26th May 08:57 PM
Boeing 737 Max 8 is airworthy - US Federal Aviation Administration
By Vijay Narayan
Tuesday 12/03/2019
157 passengers on board killed as Ethiopian Airlines plane crashes minutes after takeoff [Photo: Supplied]

As talk continues on the second Boeing 737 Max 8 crashing yesterday, the US Federal Aviation Administration has told airlines it believes Boeing's 737 Max 8 model to be airworthy.

An Ethiopian Airlines plane en route from Addis Ababa to Nairobi crashed six minutes after take‑off, killing all 157 people on board. The incident followed Lion Air 737 Max 8 crash in October that killed 189.


CEO of Ethiopian Airlines Tewolde Gebremariam, looks at the wreckage of the plane that crashed shortly after takeoff from Addis Ababa, Ethiopia [Photo: MPR News]

Some in the international aviation community have called for the aircraft to be grounded pending a full investigation.

But the Federal Aviation Administration issued a "continued airworthiness notification" saying the plane is safe to fly.

The BBC reports that China, Indonesia, and Ethiopia ordered their airlines to ground the jet. Other airlines including Fiji Airways are flying the 737 Max 8 after Boeing said it was safe.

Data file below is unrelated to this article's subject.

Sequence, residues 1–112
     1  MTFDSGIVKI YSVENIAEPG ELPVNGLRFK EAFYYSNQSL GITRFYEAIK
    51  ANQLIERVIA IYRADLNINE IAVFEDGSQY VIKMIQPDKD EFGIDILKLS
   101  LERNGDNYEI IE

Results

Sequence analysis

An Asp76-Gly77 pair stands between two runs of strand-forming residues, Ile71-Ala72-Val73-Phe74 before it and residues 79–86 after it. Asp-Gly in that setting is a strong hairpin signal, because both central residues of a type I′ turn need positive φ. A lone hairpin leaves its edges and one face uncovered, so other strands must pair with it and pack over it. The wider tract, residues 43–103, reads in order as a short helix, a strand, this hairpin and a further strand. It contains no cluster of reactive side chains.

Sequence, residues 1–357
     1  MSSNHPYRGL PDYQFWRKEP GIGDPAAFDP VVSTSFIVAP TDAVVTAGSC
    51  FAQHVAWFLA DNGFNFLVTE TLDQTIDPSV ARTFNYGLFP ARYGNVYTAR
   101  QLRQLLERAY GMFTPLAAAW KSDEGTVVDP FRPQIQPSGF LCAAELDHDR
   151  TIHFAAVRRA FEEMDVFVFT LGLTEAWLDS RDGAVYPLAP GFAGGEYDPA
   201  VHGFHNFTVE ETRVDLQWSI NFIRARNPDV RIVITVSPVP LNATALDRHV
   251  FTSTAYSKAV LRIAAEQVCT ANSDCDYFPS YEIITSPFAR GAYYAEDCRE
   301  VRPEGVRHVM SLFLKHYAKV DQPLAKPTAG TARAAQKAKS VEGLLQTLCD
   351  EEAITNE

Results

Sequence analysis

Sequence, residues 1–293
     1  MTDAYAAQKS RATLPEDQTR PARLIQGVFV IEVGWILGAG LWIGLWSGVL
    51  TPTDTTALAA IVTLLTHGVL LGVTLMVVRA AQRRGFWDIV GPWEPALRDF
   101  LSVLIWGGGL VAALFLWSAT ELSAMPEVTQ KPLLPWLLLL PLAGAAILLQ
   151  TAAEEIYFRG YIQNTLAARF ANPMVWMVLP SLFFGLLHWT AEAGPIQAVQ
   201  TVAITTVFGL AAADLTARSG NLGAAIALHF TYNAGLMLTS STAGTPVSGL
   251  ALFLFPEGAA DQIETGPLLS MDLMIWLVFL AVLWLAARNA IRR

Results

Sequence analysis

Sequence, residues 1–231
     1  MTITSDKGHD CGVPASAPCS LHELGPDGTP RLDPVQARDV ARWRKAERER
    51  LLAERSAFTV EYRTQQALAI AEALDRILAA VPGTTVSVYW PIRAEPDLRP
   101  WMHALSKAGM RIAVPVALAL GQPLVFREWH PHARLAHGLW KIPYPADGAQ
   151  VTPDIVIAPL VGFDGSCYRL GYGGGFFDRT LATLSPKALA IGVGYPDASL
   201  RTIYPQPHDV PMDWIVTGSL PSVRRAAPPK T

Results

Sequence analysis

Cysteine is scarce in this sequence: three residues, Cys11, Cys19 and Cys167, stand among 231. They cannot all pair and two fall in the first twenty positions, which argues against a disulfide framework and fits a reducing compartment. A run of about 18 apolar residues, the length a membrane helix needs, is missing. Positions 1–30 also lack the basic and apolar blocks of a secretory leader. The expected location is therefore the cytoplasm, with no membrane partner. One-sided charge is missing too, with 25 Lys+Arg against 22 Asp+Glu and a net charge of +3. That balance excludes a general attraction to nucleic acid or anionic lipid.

For the Ethiopia crash, visibility was said to be good but air traffic monitor Flightradar24 reported that the plane's "vertical speed was unstable after take‑off".

Boeing says it is "deeply saddened" by the crash and was sending a team to provide technical assistance.

Following the Lion Air crash, investigators said the pilots had appeared to struggle with an automated system designed to keep the plane from stalling, a new feature of the jet.


Lion Airline

The BBC says preliminary findings suggested the anti‑stall system repeatedly forced the plane's nose down, despite efforts by pilots to correct this. The Lion Air plane was also new and the accident happened soon after take‑off.

After last October's crash, Boeing sent an emergency notice to airlines warning them of a problem with the anti‑stall system.

Reuters had then reported that Boeing was expected to release a software patch to the system to deal with the issue.

It is not yet clear whether the anti‑stall system was the cause of Monday's crash. Aviation experts say other technical issues or human error cannot be discounted.

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